• This year, leading up to 2020, now we have product, it is going to be finding the right distribution partners so we can hit 1 million glasses distributed in 2020. So it's establishing those government relationships and grants to build the distribution capability. By 2020 I want to have a distribution center somewhere in Africa - either Nigeria, Kenya, Ghana, possibly South Africa, so much to think about. But for 2020, the goal is to get the networks established that can hit our goals of distribution.

      The issue that conventional glasses distribution has is the bottleneck of training people who can dispense eyeglasses. We've taken that training from one year to one day. We still have the same limitation of refraction - we can't hit trachoma, glaucoma, or cataracts - but you can identify them and put them into the eye health network for a higher echelon of care (this is the same with other refraction-based organizations). That ability to train someone in a day is a game-changer. And as long as we incorporate it under the umbrella of the eye health community, you're going to increase the efficiency of that entire eye health community to be able to address the other pathologies. These screeners will be able to identify when they can't help someone with a pair of eyeglasses, but they can help push them into the system.

      And as of January 1 of 2019, we've become members of the IAPB, the International Agency for the Prevention of Blindness, and they've added our Usee kit to the IAPB standards list. What this means is that the international eye health community has endorsed our system as a viable solution to refractive error. That's why I went to Johns Hopkins, that's why we we're doing field trials with the University of Johannesburg, we're doing clinical trials at Hanoi Medical College for children, so we are doing this all under the umbrella of the greater eye health community. This is very important to me, because I don't want to be a "cowboy." I'm building this team so we can address the problem correctly, ethically, and efficiently.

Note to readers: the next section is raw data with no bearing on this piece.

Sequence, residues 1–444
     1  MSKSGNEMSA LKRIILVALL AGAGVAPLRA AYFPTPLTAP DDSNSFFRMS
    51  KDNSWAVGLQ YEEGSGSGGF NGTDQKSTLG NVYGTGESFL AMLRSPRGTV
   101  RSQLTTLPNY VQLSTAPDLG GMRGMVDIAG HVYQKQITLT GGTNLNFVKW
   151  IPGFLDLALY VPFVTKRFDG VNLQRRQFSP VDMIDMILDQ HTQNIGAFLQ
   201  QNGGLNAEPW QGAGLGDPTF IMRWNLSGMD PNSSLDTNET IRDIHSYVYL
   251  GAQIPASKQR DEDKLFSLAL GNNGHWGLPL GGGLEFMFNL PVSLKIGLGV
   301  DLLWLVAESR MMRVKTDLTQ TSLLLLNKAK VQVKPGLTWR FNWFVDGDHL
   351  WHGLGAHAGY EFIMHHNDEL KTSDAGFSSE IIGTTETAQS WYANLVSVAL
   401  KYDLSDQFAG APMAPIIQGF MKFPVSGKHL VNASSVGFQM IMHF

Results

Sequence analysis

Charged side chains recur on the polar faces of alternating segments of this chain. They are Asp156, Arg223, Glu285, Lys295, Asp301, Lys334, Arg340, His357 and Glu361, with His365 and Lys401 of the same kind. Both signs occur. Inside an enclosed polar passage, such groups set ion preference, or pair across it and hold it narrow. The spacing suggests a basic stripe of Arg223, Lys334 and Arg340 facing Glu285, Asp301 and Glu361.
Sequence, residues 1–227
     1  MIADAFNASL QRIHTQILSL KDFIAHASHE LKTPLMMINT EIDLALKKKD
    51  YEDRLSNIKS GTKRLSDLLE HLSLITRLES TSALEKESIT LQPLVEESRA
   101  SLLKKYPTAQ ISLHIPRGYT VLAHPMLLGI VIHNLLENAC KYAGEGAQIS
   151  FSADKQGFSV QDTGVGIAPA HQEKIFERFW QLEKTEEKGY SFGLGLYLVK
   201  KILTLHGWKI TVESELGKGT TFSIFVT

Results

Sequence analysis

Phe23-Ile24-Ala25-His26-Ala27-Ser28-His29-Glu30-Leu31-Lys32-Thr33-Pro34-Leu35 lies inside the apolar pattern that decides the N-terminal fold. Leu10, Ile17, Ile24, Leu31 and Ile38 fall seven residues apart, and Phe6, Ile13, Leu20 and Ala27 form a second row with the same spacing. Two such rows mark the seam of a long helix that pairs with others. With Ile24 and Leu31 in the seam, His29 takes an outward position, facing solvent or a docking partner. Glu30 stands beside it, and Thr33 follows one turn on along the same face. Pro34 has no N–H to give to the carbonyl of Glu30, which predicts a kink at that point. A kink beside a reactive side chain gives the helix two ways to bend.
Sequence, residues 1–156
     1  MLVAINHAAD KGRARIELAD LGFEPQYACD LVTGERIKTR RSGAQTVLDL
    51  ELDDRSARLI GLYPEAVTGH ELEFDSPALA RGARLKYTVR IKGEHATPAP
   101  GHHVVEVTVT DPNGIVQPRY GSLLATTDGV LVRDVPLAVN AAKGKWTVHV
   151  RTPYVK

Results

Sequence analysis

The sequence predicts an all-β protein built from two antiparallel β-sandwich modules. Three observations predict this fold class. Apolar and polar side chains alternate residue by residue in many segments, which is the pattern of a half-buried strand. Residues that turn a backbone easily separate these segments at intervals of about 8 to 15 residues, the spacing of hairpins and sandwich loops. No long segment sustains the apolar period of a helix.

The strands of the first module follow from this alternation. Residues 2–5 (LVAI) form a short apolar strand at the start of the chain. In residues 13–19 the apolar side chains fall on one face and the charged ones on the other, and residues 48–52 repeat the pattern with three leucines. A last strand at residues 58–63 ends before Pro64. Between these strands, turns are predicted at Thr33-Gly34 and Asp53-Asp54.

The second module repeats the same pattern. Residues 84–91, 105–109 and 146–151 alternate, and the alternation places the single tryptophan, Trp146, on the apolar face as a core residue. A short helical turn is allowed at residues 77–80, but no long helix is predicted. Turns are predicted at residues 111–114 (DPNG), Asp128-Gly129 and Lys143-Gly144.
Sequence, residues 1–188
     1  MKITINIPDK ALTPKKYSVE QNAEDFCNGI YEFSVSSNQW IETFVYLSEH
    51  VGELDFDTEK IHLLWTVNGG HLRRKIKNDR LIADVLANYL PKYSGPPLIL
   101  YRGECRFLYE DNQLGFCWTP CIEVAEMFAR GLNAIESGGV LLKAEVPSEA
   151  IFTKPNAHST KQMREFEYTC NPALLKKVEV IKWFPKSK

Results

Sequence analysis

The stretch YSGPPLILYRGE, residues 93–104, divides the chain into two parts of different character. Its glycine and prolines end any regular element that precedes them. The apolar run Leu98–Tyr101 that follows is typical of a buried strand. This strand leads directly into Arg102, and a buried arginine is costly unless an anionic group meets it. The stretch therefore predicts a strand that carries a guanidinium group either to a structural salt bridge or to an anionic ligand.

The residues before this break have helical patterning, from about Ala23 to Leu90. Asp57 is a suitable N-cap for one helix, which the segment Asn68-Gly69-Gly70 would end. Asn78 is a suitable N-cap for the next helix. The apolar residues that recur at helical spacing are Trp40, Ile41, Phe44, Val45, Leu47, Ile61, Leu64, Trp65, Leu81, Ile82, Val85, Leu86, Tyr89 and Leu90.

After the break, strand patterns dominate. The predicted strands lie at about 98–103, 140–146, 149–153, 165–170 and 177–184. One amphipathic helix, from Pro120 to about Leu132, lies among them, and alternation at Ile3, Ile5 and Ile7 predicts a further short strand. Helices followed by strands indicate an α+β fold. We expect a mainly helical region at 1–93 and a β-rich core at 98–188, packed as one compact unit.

• To others out there who are dreaming of starting a nonprofit or other entrepreneurial organization, what words of wisdom would you want to share?

    • Find what you're passionate about. What injustice do you think you can make a difference in? What can't you live with? And really dig deep into why it's not happening. What's wrong with the system that we can't solve this issue? And then become an expert. And then don't be afraid to think outside the box a little bit. I've had lens physicists look at my device, optometrists, and they all have the same reaction - this is really SIMPLE. And I respond with "Yes, it has to be!" I came at it from the perspective of how can we reduce error - either you can, or you cannot see - as easily as possible. It's about ease of access. You don't need electricity. You don't need a smartphone.

      And then once you have that idea, get it formalized; either from where you are to where you want to be, or planning backwards on how to get there. So whether it's finding customers, finding money, finding clients - just keep working on that plan.

      And then most importantly - don't give up! I've been working on this for ten years.